The storied Land Rover Defender, at least as we know it, is not long of this earth. After 32 years in production and a staggering 67 years after its Series I precursors rolled off the line, Land Rover will bring a newer, more modern, and more eco-friendly Defender to market for 2016.
But until that day happens, we can still enjoy the sight of these legendary utes being built at the firm’s Solihull plant, in the English West Midlands. It’s a massive operation and befitting an old dog like the Defender, the production line still features extensive human involvement. Take a look.
Most of the assembly is performed by hand, a far cry from today’s highly automated production lines, which is quite refreshing to see. In fact, it’s not unlike Porsche’s extensively hands-on production line. Solihull has been cranking out the 4-by-4s since 1983, which have become an absolute institution in the off-road world.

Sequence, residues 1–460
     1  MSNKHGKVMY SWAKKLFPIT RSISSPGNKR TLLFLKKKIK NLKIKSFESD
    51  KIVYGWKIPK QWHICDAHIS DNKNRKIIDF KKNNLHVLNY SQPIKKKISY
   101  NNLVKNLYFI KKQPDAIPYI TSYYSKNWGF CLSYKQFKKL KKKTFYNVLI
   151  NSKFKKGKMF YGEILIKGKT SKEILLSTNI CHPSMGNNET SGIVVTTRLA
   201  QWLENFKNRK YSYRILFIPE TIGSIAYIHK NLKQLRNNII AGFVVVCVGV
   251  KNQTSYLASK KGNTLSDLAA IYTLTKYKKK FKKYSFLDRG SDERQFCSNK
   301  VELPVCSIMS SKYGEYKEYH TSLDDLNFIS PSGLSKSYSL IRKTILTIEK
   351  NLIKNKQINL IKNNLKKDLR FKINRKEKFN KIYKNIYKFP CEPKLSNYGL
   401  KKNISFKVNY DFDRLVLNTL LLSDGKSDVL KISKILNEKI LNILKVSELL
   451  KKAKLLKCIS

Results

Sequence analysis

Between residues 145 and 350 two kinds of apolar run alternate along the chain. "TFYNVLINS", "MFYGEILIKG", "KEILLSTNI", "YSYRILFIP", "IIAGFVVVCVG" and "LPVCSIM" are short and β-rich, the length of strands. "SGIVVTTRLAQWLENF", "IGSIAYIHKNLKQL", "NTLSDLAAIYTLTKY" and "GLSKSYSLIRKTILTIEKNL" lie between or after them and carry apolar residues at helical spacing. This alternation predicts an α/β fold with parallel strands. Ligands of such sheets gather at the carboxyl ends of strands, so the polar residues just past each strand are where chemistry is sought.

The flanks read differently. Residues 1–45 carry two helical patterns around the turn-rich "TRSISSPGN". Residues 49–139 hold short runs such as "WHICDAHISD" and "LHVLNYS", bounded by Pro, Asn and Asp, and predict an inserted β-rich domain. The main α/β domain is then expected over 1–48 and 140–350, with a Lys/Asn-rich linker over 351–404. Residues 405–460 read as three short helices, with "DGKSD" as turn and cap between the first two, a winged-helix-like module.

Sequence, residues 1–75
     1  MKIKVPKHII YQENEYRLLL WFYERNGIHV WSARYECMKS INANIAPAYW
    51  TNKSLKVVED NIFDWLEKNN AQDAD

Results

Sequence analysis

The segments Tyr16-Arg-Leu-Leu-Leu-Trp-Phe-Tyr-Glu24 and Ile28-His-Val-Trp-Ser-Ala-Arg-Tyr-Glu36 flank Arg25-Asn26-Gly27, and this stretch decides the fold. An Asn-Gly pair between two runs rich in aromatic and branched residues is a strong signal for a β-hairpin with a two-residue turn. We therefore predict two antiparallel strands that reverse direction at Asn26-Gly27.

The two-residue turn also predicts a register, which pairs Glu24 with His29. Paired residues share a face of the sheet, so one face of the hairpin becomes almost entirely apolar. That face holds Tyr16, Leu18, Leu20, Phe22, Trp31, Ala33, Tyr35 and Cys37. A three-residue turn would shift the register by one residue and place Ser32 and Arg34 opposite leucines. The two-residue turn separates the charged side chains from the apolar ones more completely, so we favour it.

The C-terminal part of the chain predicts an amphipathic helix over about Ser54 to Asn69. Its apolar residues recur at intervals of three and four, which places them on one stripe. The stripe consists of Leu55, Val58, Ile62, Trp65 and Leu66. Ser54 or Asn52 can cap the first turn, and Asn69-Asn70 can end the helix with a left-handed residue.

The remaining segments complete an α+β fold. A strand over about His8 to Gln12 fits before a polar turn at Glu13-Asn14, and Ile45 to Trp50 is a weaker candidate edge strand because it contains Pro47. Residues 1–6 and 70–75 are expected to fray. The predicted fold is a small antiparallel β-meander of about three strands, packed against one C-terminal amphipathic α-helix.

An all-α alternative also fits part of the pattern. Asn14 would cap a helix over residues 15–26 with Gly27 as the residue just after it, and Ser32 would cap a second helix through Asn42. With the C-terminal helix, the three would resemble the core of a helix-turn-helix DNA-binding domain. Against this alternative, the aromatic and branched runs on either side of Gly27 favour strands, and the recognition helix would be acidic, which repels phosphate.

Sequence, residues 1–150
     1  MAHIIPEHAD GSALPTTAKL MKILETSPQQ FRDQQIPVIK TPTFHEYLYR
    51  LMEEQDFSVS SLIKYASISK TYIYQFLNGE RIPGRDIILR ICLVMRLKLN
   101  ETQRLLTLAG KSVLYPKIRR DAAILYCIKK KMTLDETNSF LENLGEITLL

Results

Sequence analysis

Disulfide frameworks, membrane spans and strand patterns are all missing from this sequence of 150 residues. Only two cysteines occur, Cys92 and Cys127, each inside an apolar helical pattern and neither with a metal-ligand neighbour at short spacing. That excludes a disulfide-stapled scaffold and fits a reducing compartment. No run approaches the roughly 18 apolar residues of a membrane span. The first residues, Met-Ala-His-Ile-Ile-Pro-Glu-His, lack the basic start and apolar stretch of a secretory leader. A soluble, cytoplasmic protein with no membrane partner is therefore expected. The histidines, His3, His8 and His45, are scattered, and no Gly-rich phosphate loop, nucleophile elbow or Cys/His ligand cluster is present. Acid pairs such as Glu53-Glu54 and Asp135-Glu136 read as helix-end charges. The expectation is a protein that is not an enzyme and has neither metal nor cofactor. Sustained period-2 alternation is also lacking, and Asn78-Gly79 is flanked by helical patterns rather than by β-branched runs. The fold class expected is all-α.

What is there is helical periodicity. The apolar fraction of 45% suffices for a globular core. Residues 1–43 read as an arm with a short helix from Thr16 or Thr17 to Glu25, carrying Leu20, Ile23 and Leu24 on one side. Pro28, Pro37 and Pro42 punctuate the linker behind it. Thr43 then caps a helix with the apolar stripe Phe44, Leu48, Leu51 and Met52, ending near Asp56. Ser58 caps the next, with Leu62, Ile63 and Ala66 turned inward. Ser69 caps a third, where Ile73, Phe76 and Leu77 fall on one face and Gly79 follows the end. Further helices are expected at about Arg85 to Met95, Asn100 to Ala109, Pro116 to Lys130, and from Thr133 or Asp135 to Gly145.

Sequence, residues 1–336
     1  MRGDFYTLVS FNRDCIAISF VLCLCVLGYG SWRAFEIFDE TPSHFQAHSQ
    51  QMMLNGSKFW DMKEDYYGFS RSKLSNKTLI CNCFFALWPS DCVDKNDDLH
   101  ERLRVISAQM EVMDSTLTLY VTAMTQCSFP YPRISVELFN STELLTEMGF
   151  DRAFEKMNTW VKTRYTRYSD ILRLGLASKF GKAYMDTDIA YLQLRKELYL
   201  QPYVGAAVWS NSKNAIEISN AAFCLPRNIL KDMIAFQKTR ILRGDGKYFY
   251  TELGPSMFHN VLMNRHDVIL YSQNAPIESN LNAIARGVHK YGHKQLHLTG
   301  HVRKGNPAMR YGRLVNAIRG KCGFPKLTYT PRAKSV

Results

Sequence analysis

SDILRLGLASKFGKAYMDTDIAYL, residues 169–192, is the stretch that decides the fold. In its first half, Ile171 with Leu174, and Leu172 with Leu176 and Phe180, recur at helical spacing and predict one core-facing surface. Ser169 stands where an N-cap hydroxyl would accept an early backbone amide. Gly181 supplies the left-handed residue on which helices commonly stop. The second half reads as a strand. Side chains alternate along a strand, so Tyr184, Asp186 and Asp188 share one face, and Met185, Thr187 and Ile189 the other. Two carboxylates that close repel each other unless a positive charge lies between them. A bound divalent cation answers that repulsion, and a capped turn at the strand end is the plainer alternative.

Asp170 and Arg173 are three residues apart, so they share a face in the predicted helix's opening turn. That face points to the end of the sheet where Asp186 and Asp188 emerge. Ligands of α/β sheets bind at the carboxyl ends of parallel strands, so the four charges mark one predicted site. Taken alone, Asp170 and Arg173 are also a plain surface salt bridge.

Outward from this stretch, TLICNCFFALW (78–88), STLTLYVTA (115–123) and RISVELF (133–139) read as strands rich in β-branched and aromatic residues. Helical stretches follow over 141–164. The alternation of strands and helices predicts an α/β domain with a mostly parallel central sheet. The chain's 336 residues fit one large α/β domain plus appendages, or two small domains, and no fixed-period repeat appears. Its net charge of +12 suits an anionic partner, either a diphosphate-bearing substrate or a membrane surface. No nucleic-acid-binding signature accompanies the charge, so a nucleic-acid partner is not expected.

As of yet, the world is not privy to the visual and technical details of the new Defender. However there are a few things we can expect. The new ute is expected to don a monocoque chassis in order to save weight and will likely borrow engines from the existing JLR range.
The vehicle’s styling was reportedly signed off on this past summer. Land Rover recently announced it may continue limited production of the current Defender abroad. Considering it doesn’t meet US emissions or safety standards, these shores won’t make that manufacturing short list.